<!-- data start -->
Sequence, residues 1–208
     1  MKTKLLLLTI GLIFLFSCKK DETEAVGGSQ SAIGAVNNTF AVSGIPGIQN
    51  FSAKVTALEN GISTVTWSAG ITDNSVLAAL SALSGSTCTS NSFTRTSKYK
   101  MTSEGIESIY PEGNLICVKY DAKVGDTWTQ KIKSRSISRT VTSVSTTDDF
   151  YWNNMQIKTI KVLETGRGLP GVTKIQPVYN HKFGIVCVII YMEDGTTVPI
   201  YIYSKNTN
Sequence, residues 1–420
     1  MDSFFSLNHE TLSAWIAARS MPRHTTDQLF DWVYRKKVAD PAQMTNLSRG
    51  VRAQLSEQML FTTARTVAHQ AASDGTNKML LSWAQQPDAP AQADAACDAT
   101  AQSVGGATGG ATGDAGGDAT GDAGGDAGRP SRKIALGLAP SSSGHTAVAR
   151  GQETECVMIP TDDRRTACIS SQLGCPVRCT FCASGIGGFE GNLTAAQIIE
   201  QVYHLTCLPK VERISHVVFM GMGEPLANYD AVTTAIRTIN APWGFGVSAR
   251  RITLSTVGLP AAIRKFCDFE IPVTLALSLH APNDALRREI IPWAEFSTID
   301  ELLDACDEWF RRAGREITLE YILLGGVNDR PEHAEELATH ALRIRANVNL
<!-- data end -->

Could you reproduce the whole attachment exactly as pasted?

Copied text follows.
Sequence, residues 1–208
     1  MKTKLLLLTI GLIFLFSCKK DETEAVGGSQ SAIGAVNNTF AVSGIPGIQN
    51  FSAKVTALEN GISTVTWSAG ITDNSVLAAL SALSGSTCTS NSFTRTSKYK
   101  MTSEGIESIY PEGNLICVKY DAKVGDTWTQ KIKSRSISRT VTSVSTTDDF
   151  YWNNMQIKTI KVLETGRGLP GVTKIQPVYN HKFGIVCVII YMEDGTTVPI
   201  YIYSKNTN
Sequence, residues 1–420
     1  MDSFFSLNHE TLSAWIAARS MPRHTTDQLF DWVYRKKVAD PAQMTNLSRG
    51  VRAQLSEQML FTTARTVAHQ AASDGTNKML LSWAQQPDAP AQADAACDAT
   101  AQSVGGATGG ATGDAGGDAT GDAGGDAGRP SRKIALGLAP SSSGHTAVAR
   151  GQETECVMIP TDDRRTACIS SQLGCPVRCT FCASGIGGFE GNLTAAQIIE
   201  QVYHLTCLPK VERISHVVFM GMGEPLANYD AVTTAIRTIN APWGFGVSAR
   251  RITLSTVGLP AAIRKFCDFE IPVTLALSLH APNDALRREI IPWAEFSTID
   301  ELLDACDEWF RRAGREITLE YILLGGVNDR PEHAEELATH ALRIRANVNL